Donaco Smyth is a Los Angeles based actor and writer. He is a founding member of Neo Ensemble Theatre and has acted in plays and musicals on both coasts. His play Capsized Flotsam has been produced in L.A., NYC and in Melbourne, Florida. Another full length play, Annoyed by Life is currently published by Heuer Publishing. In 2013, his short film, “Way of Seeing”, played in five film festivals around the country.
Professionally, Donaco’s performed the roles of King Henry II in Lion in Winter, Falstaff in “Merry Wives of Windsor, Daddy Warbucks in “Annie”, a sullen criminal on “Law & Order” and tons of original roles by various writers at Neo Ensemble Theatre in Los Angeles.
How did you get involved in creating Animal Watch?
I had it in my head for a number of years before I was finally able to hook up with an artist, Randall Jahn, who helped me make it all happen with his perfect animal artwork. I’d drawn up some prototype decks of cards and played the game with friends and worked out some kinks in the rules. But the game got sidetracked because I was writing plays and making some short films and trying to find an occasional acting job that paid something. Eventually in 2017, I got the Kickstarter project going because I’d broken my foot and had some down time. So I dove into it then.
Describe the game in some detail.
It takes a little bit of strategy to decide how many tricks you think you can win each round and you have to commit to that number. If you win more than you predicted, you lose points and if you win fewer than you predicted, you lose points. You have to keep in mind how many high cards you have and how many lower cards you have that probably won’t win you anything. But sometimes those “throw away cards” will come back to bite you because they can suddenly be the top card in play. So it can be wild! And in each round everyone plays with fewer and fewer cards in each hand. So you don’t know what’s been removed from the deck.
Are there several versions or is Endangered Species the only one out thus far?
So far there’s just this one edition but I’m leaving my options open for adding more animal sets or maybe even copyrighted characters from Disney or Warner Bros.
Do you feel that this is more for adults or children?
Some games like Uno and Monopoly and Checkers are great for all ages and that's where Animal Watch lies as well. In the comments I’ve read, people say they played it with their families with kids and they caught on quickly and enjoyed it. One lady told me her nine year old daughter became the best player of the family. I know other people who supported the Kickstarter campaign who are in their 20s and 30s and they are playing it with their peers. So it fits in with high school and college age folks as well. My friend Gerri took it to Florida to play with her retired mother and her neighbors. They gave me great feedback during the pre-printing stage about some of the colors that were difficult to their older eyes. So Randall and I made changes based on that which I’m so thankful for. And the ladies sent messages about how they enjoyed the game!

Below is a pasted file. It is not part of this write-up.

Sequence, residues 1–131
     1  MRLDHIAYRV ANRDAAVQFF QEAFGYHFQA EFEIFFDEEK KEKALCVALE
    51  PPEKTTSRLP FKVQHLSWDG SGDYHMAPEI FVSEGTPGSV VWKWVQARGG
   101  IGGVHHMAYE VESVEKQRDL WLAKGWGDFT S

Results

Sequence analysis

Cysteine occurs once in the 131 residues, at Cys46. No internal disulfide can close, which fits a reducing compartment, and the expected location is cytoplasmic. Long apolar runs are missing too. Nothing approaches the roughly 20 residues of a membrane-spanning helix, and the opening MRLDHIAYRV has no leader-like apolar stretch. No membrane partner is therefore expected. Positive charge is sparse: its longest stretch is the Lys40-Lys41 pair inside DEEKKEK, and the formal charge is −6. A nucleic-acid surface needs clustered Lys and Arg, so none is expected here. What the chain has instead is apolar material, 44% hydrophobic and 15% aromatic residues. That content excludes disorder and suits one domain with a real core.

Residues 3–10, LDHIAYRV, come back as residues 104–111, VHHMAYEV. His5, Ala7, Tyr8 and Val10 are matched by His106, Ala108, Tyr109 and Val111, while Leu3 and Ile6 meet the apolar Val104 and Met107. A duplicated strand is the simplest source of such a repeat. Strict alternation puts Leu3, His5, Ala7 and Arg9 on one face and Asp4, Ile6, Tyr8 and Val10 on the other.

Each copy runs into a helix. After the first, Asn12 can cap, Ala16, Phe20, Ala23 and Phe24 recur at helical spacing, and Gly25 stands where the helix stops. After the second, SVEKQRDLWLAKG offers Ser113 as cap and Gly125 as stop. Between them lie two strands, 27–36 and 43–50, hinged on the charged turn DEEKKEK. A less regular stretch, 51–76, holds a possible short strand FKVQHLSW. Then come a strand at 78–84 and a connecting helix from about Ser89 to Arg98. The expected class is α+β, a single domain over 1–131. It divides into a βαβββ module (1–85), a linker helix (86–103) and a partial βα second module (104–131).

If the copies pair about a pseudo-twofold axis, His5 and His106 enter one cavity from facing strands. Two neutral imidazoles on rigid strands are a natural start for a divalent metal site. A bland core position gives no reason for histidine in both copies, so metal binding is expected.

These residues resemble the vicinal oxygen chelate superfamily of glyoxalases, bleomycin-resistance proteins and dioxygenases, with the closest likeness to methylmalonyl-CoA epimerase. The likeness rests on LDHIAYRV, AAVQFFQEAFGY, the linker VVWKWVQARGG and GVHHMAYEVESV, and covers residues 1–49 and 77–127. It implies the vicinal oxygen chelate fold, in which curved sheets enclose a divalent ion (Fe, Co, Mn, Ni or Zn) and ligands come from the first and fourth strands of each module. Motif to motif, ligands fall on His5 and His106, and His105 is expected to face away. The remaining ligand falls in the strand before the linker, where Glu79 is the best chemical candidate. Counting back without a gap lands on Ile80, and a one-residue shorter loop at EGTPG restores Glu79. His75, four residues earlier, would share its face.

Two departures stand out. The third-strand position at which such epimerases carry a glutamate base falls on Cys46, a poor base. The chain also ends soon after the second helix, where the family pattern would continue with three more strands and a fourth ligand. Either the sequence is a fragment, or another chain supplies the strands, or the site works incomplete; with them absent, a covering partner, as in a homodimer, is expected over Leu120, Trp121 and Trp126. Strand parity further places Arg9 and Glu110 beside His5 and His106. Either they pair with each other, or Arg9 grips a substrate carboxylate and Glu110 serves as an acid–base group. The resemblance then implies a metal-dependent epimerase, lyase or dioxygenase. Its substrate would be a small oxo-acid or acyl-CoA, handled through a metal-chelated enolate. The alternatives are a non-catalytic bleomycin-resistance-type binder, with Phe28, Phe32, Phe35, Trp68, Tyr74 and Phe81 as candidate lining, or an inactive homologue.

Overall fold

I never considered it to be an outright "kid’s game" but the animals do give it a warm and fuzzy personality. Maybe a future edition should be themed a little darker! In an earlier prototype of the cards, I had some different animals, Octopus, Preying Mantis, Bats…. But my friends didn’t really connect to those species. So I re-thought it and decided on the current menagerie. And that ties in well with the charitable aspect of this business where we donate a portion of the proceeds of this game to places like World Wildlife Fund.
Do you think teachers can incorporate it into lesson plans or is it strictly for parties and events?
It can absolutely be used in lessons because children can learn to strategize based on the numbers of the cards in their hand and remembering which animals have more power than others in each round. So it’s great from a mental development point of view. They’re not just slapping down cute animals on the table; they’re working toward a goal.
Actors love playing charades and password, etc. As an actor did you think about this when you created it?
I kind of had my Las Vegas personality on when I was devising how the game could be played. There are ways you could turn it into a betting game but I’ll let other people sort that out. It’s meant to be a fun pastime like Exploding Kittens or Uno. Technically there are no rules against acting like a tiger or a sea turtle when you play the game so if it helps you to put that Theatre Arts degree to use while you play Animal Watch, don’t let me stop you.
Where can people purchase Animal Watch?
Currently just from the website:
Hopefully it will be available on Amazon in 2020.